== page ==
All signs from his career point to Mourinho knowing, understanding on an almost intuitive level, how to work the media. The story is a little more interesting than first glance, though, because in that first day in front of the English his iconic line in full reads:
…Again, please don’t call me arrogant because what I’m saying [he’d been talking about his achievements at Porto] is true. I’m the European champion… so I’m not one of the bottle [I think he means ‘a bottler’?], I think I’m a special one.
The self-confidence was underpinned with something approaching humility, at least self-awareness, but it was the ‘special one’ hook that stuck. If it matters (for historical accuracy it does, although that’s hardly integral to a mythology), the moniker of ‘the Special One’, with capital ‘S’ and capital ‘O’, was given to him by the press.
By the time he returned to Chelsea, almost a decade later, he, of course, played into that. It was ‘the Happy One’, with the ‘the’ and the implicit capitalisation, from his own mouth.
It had become such a key part of the Mourinho mythos that it was the very first thing he was asked in his first United presser, the media eager for the rule of three to be completed. They wanted to be able to trace the lineage of Mourinho: The Special One, The Happy One, The ??? One. But Mourinho was not willing to play ball.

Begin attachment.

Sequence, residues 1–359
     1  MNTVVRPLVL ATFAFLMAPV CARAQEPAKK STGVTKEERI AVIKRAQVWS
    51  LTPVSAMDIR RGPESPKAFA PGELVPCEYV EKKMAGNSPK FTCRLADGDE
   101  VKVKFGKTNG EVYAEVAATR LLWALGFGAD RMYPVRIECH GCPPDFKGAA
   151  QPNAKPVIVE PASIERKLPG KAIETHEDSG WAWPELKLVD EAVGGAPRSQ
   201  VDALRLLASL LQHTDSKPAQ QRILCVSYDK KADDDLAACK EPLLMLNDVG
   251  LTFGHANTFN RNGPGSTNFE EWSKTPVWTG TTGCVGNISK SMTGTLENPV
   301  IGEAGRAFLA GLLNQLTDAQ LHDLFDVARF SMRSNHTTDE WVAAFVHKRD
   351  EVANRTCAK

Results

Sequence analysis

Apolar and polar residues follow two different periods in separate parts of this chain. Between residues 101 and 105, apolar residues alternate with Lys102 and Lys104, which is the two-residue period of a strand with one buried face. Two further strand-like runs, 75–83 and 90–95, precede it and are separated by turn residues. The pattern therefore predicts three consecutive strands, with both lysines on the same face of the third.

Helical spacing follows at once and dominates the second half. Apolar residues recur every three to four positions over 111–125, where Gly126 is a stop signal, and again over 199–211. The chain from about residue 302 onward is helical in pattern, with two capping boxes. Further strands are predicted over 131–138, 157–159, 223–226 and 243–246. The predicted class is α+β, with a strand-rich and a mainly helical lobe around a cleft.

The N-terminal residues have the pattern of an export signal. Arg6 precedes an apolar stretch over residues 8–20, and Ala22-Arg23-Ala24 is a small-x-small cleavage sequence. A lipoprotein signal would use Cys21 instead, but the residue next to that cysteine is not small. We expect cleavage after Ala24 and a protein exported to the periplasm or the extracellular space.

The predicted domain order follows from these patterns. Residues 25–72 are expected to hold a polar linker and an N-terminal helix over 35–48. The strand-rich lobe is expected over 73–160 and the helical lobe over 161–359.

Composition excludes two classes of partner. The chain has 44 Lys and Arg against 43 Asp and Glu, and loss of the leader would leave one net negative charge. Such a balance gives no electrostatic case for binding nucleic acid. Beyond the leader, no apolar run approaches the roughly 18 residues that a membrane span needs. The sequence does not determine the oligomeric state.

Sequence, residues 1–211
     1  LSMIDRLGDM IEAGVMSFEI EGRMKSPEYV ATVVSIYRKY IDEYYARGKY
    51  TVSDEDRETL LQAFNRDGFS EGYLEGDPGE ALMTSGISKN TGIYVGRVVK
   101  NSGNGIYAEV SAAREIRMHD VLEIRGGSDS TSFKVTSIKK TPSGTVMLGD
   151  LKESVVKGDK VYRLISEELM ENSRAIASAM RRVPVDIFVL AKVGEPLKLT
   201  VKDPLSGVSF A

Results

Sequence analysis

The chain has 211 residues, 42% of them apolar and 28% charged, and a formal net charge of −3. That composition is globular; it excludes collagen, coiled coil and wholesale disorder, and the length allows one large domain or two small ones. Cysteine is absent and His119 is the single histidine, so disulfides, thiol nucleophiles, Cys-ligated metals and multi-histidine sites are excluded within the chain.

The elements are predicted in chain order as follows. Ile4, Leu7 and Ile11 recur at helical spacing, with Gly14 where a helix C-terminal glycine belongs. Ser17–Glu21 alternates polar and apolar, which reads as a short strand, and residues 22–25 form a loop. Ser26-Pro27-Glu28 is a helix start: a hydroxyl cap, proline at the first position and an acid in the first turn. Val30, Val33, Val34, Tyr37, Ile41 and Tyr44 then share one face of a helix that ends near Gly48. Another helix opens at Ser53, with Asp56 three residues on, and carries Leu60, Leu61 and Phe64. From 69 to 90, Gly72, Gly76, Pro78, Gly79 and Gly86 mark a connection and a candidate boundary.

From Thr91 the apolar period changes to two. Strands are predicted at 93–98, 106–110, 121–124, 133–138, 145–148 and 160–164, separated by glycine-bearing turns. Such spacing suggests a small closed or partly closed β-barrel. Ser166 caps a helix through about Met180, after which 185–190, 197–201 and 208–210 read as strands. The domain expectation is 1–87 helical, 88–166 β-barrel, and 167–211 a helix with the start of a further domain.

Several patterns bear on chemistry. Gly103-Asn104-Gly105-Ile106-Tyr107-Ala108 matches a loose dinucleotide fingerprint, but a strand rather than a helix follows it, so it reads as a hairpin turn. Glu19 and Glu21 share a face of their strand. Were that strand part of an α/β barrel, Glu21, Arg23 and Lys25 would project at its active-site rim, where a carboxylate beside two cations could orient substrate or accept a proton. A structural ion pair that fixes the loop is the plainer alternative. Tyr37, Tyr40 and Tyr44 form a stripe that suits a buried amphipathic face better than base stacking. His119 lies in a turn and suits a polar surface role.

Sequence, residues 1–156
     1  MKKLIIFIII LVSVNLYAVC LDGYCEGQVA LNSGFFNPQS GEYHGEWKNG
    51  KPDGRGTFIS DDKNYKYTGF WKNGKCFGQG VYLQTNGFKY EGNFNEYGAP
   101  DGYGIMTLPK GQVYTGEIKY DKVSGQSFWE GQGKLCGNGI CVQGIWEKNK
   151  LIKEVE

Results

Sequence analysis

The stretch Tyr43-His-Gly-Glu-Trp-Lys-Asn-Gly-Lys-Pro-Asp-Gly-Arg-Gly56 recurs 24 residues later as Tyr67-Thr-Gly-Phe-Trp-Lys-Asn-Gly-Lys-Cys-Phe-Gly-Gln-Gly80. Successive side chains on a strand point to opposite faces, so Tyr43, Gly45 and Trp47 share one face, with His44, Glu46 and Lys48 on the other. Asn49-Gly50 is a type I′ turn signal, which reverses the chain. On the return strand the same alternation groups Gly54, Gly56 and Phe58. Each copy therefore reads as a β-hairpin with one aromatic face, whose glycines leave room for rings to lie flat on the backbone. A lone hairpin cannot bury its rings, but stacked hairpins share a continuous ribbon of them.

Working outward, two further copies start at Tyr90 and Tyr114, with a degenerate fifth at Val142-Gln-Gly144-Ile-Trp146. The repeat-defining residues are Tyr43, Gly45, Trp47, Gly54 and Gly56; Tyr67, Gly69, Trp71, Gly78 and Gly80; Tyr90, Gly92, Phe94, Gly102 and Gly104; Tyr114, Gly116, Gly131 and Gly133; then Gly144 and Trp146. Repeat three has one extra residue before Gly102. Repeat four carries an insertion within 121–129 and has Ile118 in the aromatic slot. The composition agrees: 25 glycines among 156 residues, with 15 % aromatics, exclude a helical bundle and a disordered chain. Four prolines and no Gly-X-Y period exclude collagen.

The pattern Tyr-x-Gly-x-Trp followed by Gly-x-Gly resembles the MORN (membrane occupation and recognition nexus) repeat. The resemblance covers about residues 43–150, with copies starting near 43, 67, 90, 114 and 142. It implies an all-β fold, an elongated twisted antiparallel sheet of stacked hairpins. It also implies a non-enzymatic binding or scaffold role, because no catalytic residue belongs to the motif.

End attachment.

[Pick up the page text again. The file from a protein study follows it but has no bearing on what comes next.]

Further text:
And now, in 2019, that urge in us to know what ‘One’ he is has died, or at least diminished. Is this in part because of the way that Mourinho’s own status as a manager has diminished, taking a hit during his time at Old Trafford, the club and the dug-out that he was supposedly coveting the most? Possibly. He’s still catnip to the commentariat, but he no longer, apparently, needs a nickname. Maybe nicknames are just passé.